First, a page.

II. ADMISSION OF EVIDENCE OF PRIOR ACTS.
Rule 404(b), F.R.Ev., provides:
Evidence of other crimes, wrongs, or acts is not admissible to prove the character of a person in order to show that he acted in conformity therewith. It may, however, be admissible for other purposes, such as proof of motive, opportunity, intent, preparation, plan, knowledge, identity, or absence of mistake or accident.
Such evidence is not looked upon with favor, United States v. Aims Back, 9 Cir., 1979, 588 F.2d 1283, 1287. It is admissible only if:
(1) the prior act is similar and close enough in time to be relevant,
(2) the evidence of the prior act is clear and convincing and
(3) . . . the probative value of the evidence outweighs any potential prejudice.
United States v. Bronco, 9 Cir., 1979, 597 F.2d 1300, 1302-1303, Quoting United States v. Brashier, 9 Cir., 1976, 548 F.2d 1315, 1325.1 It was the government's burden to show that the evidence offered is relevant, and that it is more probative than prejudicial. United States v. Hernandez-Miranda, 9 Cir., 1979, 601 F.2d 1104, 1108. However, once such evidence is admitted, its admission will not be held to be reversible error, absent an abuse of discretion by the trial judge. United States v. Espinoza, 9 Cir., 1978, 578 F.2d 224, 228.
Herrera concedes that the incidents involved in the two prior arrests were similar and were close enough in time to be relevant. His argument is that the evidence of the prior arrests was weak and contradictory, and that the prejudicial effects of introducing it overwhelmed any probative value it may have had.
In deciding whether the evidence of prior acts was clear and convincing, we are mindful that the government introduced the evidence to prove Herrera's knowledge that the passengers he transported were aliens who were in the United States illegally. The inference of knowledge from the fact that under different but similar circumstances Herrera had previously transported other people who were also illegal aliens is justified only if, in each case, the facts would support an inference that Herrera knew that those people were illegal aliens. If, in each case, the people only appeared to be of Mexican descent, that would not be enough. United States v. Brignoni-Ponce, 1975, 422 U.S. 873, 885-886, 95 S.Ct. 2574, 45 L.Ed.2d 607; United States v. Munoz, 9 Cir., 1979, 604 F.2d 1160, 1161; United States v. Mallides, 9 Cir., 1973, 473 F.2d 859, 861.
The fact that, in each of the instances of prior arrest, the government did not prosecute, weakens the probative value of those incidents. So does the tendency of juries to give excessive weight to such prior arrests, or to use them to characterize a defendant unfairly. 1 Wigmore, Evidence (3d Ed. 1940) § 194.
Nevertheless, in the light of certain of our decisions, we cannot hold here that the admission of the evidence of the prior arrests was an abuse of discretion. In each case, there was more than the mere fact that persons who appeared to be of Mexican descent were involved. In the first occurrence, the men involved had been seen coming from the direction of the nearby border at night, entering a bar, coming out, first one, then others, and entering Herrera's car, and being joined by Herrera and driven away by him, a fairly typical example of a rendezvous between aliens and one who is to assist them. In the second instance, there were the late hour, the marker by the culvert, the aliens hiding there, the arrival of Herrera, his apparent recognizing of the marker, his stopping, returning, and calling out, and his attempt to flee when discovered by the agent. In each case, a fact finder could infer the requisite knowledge on Herrera's part.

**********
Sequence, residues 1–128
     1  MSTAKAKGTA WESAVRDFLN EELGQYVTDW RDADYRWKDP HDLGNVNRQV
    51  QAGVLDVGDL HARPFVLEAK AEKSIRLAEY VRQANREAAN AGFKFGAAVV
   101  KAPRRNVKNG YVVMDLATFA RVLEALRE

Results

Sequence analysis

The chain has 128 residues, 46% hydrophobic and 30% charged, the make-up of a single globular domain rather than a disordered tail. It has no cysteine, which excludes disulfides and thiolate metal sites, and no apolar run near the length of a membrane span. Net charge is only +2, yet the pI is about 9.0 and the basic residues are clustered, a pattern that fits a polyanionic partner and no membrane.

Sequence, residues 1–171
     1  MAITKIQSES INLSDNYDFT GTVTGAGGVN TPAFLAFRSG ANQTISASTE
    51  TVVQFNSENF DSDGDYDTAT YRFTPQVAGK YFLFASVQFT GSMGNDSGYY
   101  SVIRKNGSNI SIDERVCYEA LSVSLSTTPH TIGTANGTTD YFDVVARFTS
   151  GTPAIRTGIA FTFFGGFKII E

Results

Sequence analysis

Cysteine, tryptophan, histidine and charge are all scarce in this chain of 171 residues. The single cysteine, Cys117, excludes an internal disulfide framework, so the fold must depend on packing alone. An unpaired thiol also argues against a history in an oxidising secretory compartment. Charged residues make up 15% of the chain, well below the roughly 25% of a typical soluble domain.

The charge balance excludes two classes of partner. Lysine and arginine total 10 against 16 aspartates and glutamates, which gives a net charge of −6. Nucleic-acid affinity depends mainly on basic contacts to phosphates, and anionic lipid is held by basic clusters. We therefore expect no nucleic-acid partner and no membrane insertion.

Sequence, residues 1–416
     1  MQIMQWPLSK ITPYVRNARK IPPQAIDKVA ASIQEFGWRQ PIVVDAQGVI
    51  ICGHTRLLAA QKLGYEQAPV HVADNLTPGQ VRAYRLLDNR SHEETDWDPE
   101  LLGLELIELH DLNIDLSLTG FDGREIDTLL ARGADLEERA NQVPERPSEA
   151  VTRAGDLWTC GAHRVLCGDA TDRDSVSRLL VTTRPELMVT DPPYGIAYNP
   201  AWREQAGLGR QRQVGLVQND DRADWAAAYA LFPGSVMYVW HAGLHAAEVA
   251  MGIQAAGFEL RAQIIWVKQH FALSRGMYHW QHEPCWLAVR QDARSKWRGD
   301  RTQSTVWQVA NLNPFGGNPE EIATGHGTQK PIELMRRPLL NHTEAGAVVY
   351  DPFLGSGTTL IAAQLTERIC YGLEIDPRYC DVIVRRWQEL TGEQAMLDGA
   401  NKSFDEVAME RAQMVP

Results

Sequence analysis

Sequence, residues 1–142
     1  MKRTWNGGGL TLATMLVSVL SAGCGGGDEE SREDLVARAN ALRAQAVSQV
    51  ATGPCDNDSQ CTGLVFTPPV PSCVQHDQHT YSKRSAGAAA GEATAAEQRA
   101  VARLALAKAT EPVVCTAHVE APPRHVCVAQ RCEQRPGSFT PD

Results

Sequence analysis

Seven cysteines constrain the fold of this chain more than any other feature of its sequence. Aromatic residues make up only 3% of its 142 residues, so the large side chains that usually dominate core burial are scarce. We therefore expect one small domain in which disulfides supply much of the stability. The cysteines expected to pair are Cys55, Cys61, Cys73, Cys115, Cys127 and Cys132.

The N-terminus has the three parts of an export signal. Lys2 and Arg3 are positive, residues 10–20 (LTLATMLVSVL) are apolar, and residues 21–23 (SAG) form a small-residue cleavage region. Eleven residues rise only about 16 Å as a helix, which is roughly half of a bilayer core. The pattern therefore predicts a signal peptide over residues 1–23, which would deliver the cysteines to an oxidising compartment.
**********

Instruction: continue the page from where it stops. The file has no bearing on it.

We cannot say consistently with our holdings in United States v. Espinoza, 1978, 578 F.2d 224, 227-228, and United States v. Holley, 9 Cir., 1974, 493 F.2d 581, 584, that the trial court abused its discretion in admitting the evidence of the two prior instances in this case. In Espinoza, the prior incident was no more probative than those in the case at bar, and perhaps not as probative. The defendants in that case had not, in the prior incident, picked up illegal aliens. The most that a jury could have inferred was that they had arranged to have another person pick up the aliens. We held that it was not an abuse of discretion to admit the evidence. The per curiam opinion was by Judges Ely, Trask and Anderson. In Holley, at least so far as the opinions show, the prior incident was substantially less probative than were the prior incidents in this case. See 493 F.2d 585 (Hufstedler, J., dissenting). Yet the majority there found no abuse of discretion in admitting the evidence. We cannot conclude, consistently with these decisions, that it was an abuse of discretion to admit the evidence of prior incidents in this case.